Jendrik, a 26-year-old musical performer from Hamburg, has already shaken things up in the Eurovision world.
Known to be energetic, quirky and down-to-earth, Jendrik managed to join the competition – which hosts its finale on Saturday – mainly through perseverance.
The Eurovision Song Contest (ESC) does not usually accept applications, but rather nominations from broadcasters in each country. But by posting self-produced music videos on Instagram and Tik Tok since June 2020, Jendrik hoped to get himself noticed.
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And he succeeded: he caught the eye of NDR, a German public broadcaster, who granted his wish to be nominated.
“I’m not sure NDR were really expecting me,” he previously said in an interview.
Now, Jendrik is captivating audiences with his colourful performances and his iconic sparkling ukulele.
His song “I don’t feel hate” promotes the idea that we should respond to hatred not with more hate, but with understanding.
The official Eurovision entry for 2021 for Germany.
“I’ve often experienced how, when someone treats me badly, it’s better not to treat them in the same way,” he told the Berliner Morgenpost on Monday.
This extends to his experiences as a gay man in the public eye. As well as real-life run-ins with homophobia, Jendrik has been the target of online abuse because of his sexuality.
Yet he says he won’t let the experiences get to him. “I don’t really care […], I think it’s a shame when sexuality isn’t accepted in the way it should be.” After all, that’s exactly what his song is about: not letting other people’s negativity affect you.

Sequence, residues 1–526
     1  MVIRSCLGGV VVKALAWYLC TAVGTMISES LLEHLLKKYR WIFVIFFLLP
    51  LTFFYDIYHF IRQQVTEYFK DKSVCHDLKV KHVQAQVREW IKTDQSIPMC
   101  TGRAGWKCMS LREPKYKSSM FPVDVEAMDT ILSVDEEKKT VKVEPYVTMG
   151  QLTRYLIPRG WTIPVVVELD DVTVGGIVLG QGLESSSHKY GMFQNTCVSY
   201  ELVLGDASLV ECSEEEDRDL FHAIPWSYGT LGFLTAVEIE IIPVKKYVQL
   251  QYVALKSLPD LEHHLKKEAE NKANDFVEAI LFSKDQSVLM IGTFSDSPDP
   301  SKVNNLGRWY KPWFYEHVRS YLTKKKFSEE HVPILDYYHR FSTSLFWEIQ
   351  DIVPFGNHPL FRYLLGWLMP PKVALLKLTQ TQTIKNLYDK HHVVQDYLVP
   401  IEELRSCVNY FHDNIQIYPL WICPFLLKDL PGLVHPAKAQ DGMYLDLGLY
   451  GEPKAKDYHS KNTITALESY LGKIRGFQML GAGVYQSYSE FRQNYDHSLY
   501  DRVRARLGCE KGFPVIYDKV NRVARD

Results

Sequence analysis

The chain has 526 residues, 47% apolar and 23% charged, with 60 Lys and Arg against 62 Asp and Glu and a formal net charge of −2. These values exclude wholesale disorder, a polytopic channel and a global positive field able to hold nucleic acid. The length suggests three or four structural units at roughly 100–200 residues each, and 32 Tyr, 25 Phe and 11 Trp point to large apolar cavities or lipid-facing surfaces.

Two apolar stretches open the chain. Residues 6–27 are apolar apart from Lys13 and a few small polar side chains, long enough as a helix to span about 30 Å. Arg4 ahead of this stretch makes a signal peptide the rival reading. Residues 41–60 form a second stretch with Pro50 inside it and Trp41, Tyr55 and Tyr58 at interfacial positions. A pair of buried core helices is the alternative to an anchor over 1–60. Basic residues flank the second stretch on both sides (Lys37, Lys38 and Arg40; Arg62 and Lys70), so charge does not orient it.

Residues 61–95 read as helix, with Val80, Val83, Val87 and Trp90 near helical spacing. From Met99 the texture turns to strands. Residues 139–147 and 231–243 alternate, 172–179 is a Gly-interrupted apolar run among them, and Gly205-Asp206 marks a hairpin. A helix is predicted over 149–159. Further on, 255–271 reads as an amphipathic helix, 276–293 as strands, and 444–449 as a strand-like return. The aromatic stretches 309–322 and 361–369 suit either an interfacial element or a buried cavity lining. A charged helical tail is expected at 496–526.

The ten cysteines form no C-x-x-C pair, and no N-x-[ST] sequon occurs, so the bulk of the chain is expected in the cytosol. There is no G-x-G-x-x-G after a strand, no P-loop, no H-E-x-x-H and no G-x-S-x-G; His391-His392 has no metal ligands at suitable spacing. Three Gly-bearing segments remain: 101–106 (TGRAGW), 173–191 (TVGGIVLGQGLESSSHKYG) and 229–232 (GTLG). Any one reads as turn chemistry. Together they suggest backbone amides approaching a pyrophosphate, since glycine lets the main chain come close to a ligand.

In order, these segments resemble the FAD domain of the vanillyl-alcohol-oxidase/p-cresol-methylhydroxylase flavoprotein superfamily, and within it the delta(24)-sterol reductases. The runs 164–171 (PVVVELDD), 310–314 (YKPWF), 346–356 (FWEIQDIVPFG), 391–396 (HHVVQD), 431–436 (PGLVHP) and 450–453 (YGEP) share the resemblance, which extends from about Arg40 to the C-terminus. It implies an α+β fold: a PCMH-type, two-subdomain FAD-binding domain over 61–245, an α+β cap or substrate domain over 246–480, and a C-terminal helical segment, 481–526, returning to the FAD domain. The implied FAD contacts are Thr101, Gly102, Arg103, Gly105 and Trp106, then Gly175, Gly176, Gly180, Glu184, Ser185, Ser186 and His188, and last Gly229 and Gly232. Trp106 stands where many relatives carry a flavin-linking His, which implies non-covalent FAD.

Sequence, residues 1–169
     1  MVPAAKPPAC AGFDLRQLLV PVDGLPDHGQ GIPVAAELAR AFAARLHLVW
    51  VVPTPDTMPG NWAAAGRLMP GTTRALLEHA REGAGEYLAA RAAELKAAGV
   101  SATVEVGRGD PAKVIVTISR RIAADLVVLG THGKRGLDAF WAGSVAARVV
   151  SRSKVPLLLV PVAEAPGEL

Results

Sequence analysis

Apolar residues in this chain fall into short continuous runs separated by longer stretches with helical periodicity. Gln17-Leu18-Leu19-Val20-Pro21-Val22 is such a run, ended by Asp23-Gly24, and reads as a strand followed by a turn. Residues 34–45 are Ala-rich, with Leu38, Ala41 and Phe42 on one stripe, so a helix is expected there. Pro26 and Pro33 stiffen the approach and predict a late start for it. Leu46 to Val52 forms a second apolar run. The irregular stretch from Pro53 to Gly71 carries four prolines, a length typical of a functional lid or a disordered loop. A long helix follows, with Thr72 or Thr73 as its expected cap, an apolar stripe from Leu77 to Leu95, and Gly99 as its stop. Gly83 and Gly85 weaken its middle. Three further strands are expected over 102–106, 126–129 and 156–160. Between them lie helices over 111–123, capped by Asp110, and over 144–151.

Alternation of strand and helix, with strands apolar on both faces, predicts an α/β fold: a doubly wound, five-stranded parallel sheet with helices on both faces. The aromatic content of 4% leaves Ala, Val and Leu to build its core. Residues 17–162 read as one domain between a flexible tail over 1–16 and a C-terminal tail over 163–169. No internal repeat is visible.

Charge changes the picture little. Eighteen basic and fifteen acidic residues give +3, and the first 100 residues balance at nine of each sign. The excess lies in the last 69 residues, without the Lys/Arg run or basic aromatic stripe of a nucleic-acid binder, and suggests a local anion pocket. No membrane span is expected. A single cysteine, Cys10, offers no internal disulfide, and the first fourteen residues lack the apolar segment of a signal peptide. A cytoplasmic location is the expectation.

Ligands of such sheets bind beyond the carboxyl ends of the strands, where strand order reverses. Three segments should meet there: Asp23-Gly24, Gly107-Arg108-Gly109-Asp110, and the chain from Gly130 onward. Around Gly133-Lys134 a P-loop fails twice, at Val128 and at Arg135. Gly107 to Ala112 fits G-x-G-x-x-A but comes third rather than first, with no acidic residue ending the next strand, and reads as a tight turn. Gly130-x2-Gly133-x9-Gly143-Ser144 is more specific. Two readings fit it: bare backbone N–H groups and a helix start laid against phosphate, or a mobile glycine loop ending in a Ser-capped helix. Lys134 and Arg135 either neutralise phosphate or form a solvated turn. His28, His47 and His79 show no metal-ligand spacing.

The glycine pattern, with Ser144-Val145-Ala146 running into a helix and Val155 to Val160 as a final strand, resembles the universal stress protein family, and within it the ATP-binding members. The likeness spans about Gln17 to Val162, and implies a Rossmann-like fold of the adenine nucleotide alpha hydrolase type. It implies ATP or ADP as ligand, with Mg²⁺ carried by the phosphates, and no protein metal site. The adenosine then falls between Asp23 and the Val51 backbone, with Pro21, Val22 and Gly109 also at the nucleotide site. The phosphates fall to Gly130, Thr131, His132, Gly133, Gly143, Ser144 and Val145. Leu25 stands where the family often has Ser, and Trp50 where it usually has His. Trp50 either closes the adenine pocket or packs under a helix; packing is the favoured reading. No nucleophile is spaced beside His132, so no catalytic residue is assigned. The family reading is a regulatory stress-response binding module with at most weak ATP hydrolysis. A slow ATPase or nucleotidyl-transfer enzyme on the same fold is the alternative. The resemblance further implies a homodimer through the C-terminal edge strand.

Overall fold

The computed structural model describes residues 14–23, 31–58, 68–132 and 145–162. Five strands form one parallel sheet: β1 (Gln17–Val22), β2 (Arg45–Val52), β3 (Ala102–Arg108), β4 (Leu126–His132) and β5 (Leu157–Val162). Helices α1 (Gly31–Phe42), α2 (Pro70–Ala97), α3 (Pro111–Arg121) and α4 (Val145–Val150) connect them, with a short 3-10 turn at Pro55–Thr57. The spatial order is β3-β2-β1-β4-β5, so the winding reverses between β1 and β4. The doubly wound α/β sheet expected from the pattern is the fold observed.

It’s as much a message to the world as it is a reminder to himself, says Jendrik.
Mario Hanousek, passionate ESC expert, has made positive predictions about Jendrik’s performance in the second semi-final, which takes place on Thursday. He sees younger social-media savvy audiences being especially drawn to him.
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For now, Jendrik is simply excited about making it on to the big stage in Rotterdam in the Netherlands. “I AM REALLY GOING TO THE ESC. THIS IS A DREAM COME TRUE! Holla, die Waldfee!” he wrote to NDR when he found out he’d qualified.
“Holla, die Waldfee” is an untranslatable phrase meaning: uncontainable excitement.
Though Germany has participated in Eurovision a total of 64 times, they’ve only ever won twice. The last time was in 2010, when Lena placed first with her song “satellite”.
After a streak of bad luck since then, except for a “top five” victory by Michael Schulte in 2018, there are high hopes that Jendrik could bring in a wind of change.
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